Windhoek — The Labour Resource and Research Institute (LaRRI) will convene a public discussion to debate the highly contentious issue of the demolition of shacks, today at the Habitat Research Centre (HRC) in Soweto.
LaRRI director, Hilma Shindondola-Mote told New Era the rationale behind the public discussion is to listen to residents of informal settlements, especially people who have been directly affected by the demolitions.
Stakeholders, including the City of Windhoek, City Police, the Polytechnic of Namibia and the Ministry of Regional and Local
Government, Housing and Rural Development have been invited to the discussions that are expected to lead to a bottom-up approach to solving the land issue.
She said often the City of Windhoek is quoted saying there is insufficient serviced land around the city for housing purposes, especially for the urban poor.
"This public meeting is to find out how the available land can be shared, so that everyone has a piece of land to live on comfortably," she explained.
Shindondola-Mote further said the meeting also intends to come up with a better term for inhabitants living in shacks as opposed to the current commonly used term "illegal", which she says is demeaning. "Who is illegal in an independent Namibia, how does it feel to be referred to as an illegal," she asked.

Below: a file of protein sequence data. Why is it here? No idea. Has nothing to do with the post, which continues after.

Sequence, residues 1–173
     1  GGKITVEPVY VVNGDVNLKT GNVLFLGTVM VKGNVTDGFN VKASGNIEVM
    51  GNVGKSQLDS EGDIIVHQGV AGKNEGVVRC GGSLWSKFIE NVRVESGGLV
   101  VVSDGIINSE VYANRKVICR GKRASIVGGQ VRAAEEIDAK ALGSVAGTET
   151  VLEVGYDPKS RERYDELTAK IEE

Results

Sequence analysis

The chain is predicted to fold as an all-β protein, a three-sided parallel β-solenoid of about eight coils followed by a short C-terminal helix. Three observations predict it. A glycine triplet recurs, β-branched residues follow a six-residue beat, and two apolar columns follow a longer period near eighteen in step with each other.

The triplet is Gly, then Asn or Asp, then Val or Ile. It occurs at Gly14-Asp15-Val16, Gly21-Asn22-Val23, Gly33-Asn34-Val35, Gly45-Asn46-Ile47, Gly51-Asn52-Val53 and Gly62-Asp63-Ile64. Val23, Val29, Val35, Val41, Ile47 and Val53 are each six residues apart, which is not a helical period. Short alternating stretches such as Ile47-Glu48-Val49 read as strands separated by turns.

She added that the meeting will be a platform for the city to learn one or two things from the community on how to address the challenge of urbanisation, adding that "housing is a basic need, it should not just be a roof over the head, but a place where one should live with dignity and feel safe."
Shindondola-Mote said the meeting would end with a letter to the future president by the people who live in the informal settlements. She said in this letter, people would be at liberty to express their needs in terms of land, sanitation and housing to the future leader.
Shack demolitions has been a thorny issue this year, not only in Windhoek, but in also in towns like Keetmanshop, Mariental and Oshakati. It is also not a new phenomenon - history shows that shacks demolitions also took place before independence, she said.
The meeting will start at 18h00, at the Habitat Research Centre. Members of the public who wish to contribute to the discussion are free to attend.